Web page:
Then again...I don't feel like I have written it. Maybe that was the trick. All I remember is being pulled along in a fast moving tide of happiness. It really wrote itself.
When I first started writing the series, with Seers of Light, I remember telling myself to write one page a day. I committed myself to that, saying that after a year I'd have 365 pages...a whole book, practically. I could surely handle that.
About fifty pages deep I lost the ability to stop writing. Fifty pages deep (around the time William Maddox really started making his presence known, I was IN.)
Because I understood what the heart of this series was. Okay, I didn't realize I was writing something odd or unconventional, as I'd learn from readers and reviewers later. And, to be honest, most of the reading I'd done in my life was not in the paranormal genre. But I knew what I wanted to express to people as I wrote. I knew how I felt about life, and that was bound to reflect in the series. I just hoped readers would relate.
So, what exactly is the series really about, then? If you'd read the first two books then you might very well have an inkling of the answer already--that it's not just a couple of loves stories. But if you haven't, the whole idea is basically two-fold.
For one, how do we view love? Falling in love? Ourselves in love? What do we look for in a man/woman? And do we really need what we want? Or do we want what we need? To figure out what I mean, and in as non-spoilerish a way as possible, I'll cite the main characters in the series as explanation without mentioning outcomes.
On one hand, you have a man named Christian Wright.
Christian is a bit of a traditionalist. He's a real type A hero, a swoop in and save you kind of guy. Boyish good looks, strong build, a killer accent, a tongue in cheek egotistical charm...for all intents and purposes he's Mr. Right...or Mr. Wright, as it turns out. (That wasn't intentional, by the way.) Christian is a talented Sentient Combatant. He's got skills---but he's also got serious flaws. Not that he's a bad person, but he's a person. He's as real as I could make him in a genre that seems to idealize the alpha male. And though there are days when I fear that this is not what readers want, the rest of the time I know better. Readers want whatever they want. And if that's what I've written, then yay for me. If not, I'll get over it. A male character can show realistic flaws, he can be messed up and still desirable. I believe it firmly now. I am often told readers don't want realism in writing. But I don't buy that. I think what they don't want... is hopelessness.
Male # two is William Maddox.
If you're looking for a protective, stand between you and everything dangerous, a bit on the possessive side kind of guy, William Maddox would not seem the ideal match for you. I should know. I was a fan of the alpha male figures myself, and if someone had told me I'd end up creating a (heroic? read and see) character who was the opposite of the stereotype and made me rethink everything I thought a "desirable" man could be, I'd have given them a few doubtful looks.
Luckily, I didn't really create William Maddox. He just decided to write himself as he was, and because he was so good at it, I just let him do what he wanted. A quiet presence, a smirk, a put-you-in-your-place remark, the hell of a time he gave my main female in Seers and I was sold on this new kind of male.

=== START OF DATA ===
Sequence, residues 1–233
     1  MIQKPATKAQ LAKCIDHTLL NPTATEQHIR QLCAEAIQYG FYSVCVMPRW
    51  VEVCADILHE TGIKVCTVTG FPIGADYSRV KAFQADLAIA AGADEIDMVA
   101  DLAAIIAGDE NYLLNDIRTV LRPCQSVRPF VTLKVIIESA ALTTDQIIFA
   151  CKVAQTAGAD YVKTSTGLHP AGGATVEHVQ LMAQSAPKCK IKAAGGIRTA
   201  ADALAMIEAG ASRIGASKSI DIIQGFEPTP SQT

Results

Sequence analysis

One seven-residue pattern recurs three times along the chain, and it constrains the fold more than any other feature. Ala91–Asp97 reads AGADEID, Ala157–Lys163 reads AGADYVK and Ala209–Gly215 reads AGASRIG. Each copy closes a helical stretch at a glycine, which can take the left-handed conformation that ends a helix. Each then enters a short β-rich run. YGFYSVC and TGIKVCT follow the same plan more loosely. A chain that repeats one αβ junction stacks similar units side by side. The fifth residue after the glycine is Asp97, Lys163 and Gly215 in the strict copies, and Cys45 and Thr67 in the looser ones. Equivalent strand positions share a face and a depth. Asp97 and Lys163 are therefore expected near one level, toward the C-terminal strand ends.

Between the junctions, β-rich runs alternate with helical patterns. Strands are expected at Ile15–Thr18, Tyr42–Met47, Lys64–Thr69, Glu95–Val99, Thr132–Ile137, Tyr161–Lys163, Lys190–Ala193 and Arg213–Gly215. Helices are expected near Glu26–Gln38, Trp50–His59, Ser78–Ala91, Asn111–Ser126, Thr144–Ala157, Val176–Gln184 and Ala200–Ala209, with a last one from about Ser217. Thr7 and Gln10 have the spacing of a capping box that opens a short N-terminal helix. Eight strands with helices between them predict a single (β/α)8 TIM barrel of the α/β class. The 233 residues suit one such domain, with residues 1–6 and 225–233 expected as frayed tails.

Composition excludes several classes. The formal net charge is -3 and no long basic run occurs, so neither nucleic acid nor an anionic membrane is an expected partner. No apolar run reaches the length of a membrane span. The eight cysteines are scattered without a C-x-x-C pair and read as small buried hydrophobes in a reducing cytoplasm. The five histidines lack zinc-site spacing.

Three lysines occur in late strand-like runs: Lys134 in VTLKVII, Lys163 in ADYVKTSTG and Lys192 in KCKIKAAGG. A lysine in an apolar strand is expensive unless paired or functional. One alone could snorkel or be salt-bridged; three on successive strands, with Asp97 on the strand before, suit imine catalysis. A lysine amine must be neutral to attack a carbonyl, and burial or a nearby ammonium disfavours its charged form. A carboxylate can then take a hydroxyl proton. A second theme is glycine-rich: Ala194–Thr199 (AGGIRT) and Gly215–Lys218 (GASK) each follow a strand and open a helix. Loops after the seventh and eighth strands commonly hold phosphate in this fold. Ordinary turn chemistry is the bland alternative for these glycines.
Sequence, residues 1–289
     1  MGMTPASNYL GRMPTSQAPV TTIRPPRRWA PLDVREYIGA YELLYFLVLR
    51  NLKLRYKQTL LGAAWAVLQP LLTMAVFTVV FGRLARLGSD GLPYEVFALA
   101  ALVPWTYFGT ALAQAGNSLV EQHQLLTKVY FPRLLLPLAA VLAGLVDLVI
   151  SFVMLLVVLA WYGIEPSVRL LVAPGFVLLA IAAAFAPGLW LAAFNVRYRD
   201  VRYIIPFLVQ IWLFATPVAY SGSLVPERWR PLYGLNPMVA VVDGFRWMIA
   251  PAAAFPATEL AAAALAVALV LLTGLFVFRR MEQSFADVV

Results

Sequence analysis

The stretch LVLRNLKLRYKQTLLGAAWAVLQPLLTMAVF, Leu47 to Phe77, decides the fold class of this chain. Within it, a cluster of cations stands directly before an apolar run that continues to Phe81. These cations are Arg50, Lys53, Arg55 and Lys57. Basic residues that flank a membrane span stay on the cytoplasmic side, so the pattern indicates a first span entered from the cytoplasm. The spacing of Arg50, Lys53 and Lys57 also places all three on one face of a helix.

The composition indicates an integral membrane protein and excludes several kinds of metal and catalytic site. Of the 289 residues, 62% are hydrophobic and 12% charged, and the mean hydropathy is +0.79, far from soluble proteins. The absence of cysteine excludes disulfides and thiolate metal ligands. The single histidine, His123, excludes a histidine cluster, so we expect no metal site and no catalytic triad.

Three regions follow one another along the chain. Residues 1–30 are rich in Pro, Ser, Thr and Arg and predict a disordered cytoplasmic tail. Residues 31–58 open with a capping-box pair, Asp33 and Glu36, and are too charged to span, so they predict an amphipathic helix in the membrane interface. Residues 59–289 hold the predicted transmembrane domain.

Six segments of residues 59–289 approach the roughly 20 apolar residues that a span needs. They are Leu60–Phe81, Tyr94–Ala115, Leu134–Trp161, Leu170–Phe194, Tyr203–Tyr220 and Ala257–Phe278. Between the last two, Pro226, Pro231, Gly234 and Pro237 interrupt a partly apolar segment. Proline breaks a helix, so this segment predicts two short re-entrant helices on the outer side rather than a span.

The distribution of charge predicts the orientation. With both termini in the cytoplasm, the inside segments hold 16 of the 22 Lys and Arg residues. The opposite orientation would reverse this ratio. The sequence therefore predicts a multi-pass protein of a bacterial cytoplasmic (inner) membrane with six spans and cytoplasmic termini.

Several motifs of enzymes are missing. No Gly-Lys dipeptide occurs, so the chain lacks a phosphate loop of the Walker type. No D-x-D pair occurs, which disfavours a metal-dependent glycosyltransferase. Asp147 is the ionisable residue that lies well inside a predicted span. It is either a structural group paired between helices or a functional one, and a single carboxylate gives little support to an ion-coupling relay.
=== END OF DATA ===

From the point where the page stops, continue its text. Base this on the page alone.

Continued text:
And speaking of females in Seers... the lady in question is Lillian Hunt, newbie Empath and Path Crosser extraordinaire. She's a lot like Christian, actually. She's all black and white about things. And while she is very brave and has her heart in the right place, she, like Christian, is her own kind of flawed and has some character growth to do from start to finish. Whether she lives to pull it off is another thing, but one thing is clear. We tend to think that we know what we want and need in a lover, and we're so often wrong, which takes a good bit of pride swallowing to recognize.
Nicole Abbot, from Whisper of Light (book 2), is basically Lily's opposite. Again, Nicole's got issues. She's imperfect, both physically and emotionally, (which is the case for Lily, as well, since I don't believe in creating physically "perfect" women in books.) Nicole just doesn't "seem" to have the presence to hold her own with a strong male figure. But you know what? Labels are for schmucks. Assumptions are too. To hell with them. Breaks molds, people. Life is full of paradoxes.
Love in the Light Series Trilogy is complicated, its messy and it's unpredictable. Some of it is romantic and a lot of it is otherwise, and more than anything, I'm crossing my fingers that it causes people to look at what they wanted, at the way they see others, and ask, "What kind of person would compliment my best self? What would make me strongest?" and go for that.
The second point of the series, the artery that runs through all three books, is that life has purpose and that everything comes full circle when we have faith in our own good and act bravely. (Circle of Light. You got it.)
The series is a bow to destiny. Book one has emotional ties to book two, and both are essential to book three, just the same as our lives are connected, as experiences and acts of courage and cowardice all lead up to where we are, who we are, and who we are with when the shit gets real. We make decisions and think they are done and over, but the ripples of our actions are miraculous and long-lasting. We can't imagine, just by doing something unselfish or by going after a dream, how it will impact so many lives down the line. Everything really does come full circle, I feel it in my bones. And I wrote it for others to feel, too.
So read the trilogy. Find your own strength, whatever it truly is, and think about what you really need out of this existence. Then tell me about it.
See you around, folks.